Thursday, April 22, 2010

Congregational Bromides: "We are a warm and friendly church"

Congregations reveal several patterns in displaying self-image. These patterns appear on websites, promotional literature, judicatory documents, and in general descriptions related to public discourse from members of the congregation. I often see these patterns in what the ELCA calls its "Ministry Site Profile," a 14-page document designed for congregational reflection, focus and articulation of mission, ministry, demographics and congregational culture and specific needs for pastoral leadership (among other attributes). These documents are shared as hard copies or electronically with pastors discerning a call. It is a significant part of my work in interim ministry to facilitate discussion, research and composition to complete this document. Though I see less of these documents than judicatory officials, I see many of them as a candidate to serve a congregation and the process in completing them.

Congregations generally struggle to reflect on assumptions about their community of faith. Add a group of leaders passionate about that community to a reflection and articulation process, and anxiety and passion escalate. I believe healthy congregations are able to reflect upon their assumptions, sometimes challenge them, and interface their assumptions related to executing a faithful mission and ministry. Over the years of reading Ministry Site Profiles and other pieces produced by congregations, I compiled a list of congregational bromides. "Congregational bromides" are frequently repeated statements related to self-image that are strongly held beliefs among members and displayed as truth. Yet congregations struggle to substantiate their church culture truth claims.

The first congregational bromide for reflection: "we are a warm and friendly church."

Some basic reflection questions:

+Would a congregation dare say it wasn't warm and friendly?
+What are the standards for warmth and friendliness?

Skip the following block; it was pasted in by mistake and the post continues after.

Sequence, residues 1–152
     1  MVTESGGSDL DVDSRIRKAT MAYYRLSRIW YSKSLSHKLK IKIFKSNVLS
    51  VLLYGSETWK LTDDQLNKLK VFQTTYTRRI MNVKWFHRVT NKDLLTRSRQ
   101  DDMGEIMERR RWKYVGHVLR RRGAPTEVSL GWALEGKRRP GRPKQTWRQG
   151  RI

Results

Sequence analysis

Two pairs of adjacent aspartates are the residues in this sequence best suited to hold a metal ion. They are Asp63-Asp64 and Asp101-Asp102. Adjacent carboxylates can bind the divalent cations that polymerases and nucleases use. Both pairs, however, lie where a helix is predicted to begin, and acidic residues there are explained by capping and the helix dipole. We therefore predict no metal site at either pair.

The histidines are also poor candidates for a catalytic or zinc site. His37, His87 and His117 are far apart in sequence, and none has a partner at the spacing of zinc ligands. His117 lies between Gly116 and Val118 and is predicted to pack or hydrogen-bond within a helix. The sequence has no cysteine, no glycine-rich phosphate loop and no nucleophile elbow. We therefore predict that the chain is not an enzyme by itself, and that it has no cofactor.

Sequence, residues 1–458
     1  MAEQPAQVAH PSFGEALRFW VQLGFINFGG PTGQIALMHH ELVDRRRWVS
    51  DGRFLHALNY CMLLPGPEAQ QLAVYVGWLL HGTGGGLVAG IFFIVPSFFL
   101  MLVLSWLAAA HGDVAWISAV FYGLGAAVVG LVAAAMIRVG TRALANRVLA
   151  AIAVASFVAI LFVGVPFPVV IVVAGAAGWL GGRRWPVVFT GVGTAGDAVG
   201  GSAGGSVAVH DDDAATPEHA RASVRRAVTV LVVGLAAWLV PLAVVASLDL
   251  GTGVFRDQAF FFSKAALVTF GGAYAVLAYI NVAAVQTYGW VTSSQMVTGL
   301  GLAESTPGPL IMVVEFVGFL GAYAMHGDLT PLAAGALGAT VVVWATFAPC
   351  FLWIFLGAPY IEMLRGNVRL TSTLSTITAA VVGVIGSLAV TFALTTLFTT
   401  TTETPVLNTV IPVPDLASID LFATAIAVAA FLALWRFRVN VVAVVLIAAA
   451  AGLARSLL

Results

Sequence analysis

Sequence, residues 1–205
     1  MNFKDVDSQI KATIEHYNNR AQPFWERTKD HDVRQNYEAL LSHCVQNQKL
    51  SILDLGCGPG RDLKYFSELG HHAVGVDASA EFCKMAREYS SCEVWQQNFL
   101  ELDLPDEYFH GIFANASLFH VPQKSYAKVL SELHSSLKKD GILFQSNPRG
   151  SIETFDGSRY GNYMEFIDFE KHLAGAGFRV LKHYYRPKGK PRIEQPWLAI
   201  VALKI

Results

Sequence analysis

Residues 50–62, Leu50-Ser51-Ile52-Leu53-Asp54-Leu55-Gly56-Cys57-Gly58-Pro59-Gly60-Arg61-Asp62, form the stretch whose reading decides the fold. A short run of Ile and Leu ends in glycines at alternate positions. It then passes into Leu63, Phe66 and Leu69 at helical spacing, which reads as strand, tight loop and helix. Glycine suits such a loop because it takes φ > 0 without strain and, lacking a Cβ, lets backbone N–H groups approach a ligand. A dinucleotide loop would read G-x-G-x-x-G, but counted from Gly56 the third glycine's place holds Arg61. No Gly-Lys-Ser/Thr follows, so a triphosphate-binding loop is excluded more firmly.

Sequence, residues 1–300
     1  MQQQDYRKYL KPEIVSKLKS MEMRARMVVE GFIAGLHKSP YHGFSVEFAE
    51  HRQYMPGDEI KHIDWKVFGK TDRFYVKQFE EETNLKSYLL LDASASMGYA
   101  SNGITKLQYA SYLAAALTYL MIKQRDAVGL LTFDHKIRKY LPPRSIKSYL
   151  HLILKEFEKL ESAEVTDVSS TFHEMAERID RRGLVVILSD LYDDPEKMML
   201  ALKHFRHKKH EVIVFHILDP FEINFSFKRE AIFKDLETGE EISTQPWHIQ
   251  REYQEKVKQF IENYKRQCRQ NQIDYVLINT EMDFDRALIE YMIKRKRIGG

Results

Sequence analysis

+Can warmth and friendliness standards differ from congregation to congregation?
+Is a warm and friendly congregation a human concept or something connected to biblical theology?
+What is the purpose behind being a warm and friendly church? Can these purposes differ?

"Congregations believe they are friendly, because congregational members are friendly with each other." Though I've heard this statement from many different sources, the first source for me was Patrick Keifert from Luther Seminary. That point resonated with me because until that point I heard conversations in some congregations with statements like, "I can't believe this congregation isn't growing. If only people could see how friendly we are!"

For years I have seen congregations are friendly with each other, yet guests/visitors can walk in an attempt to participate almost unnoticed. These kinds of experiences are well documented. The unofficial congregational goal ends up being individuals in the congregation seek to have a warm and friendly feeling when they come to church, and thus the goal and ideal is to become a warm and friendly church--to build a circle of intimacy above all else. Keifert challenges the notion of intimacy and the church as a "family" in his book Welcoming the Stranger. Thomas Long for the Alban Institute gathers Keifert's and other works together in his short piece entitled Hospitality to the Stranger. Each of these works reveals some of the tensions between a desire for people to have intimacy, yet a calling to serve as a public worshiping community.

Some congregations are better than others living and serving as a public worshiping community. Whether a congregation is "warm and friendly" is actually of little value to me as I work with congregations in transition--especially when almost every congregation sees themselves that way. However, if a congregation is going to make "warm and friendly" a public claim, I will challenge them to substantiate that claim.

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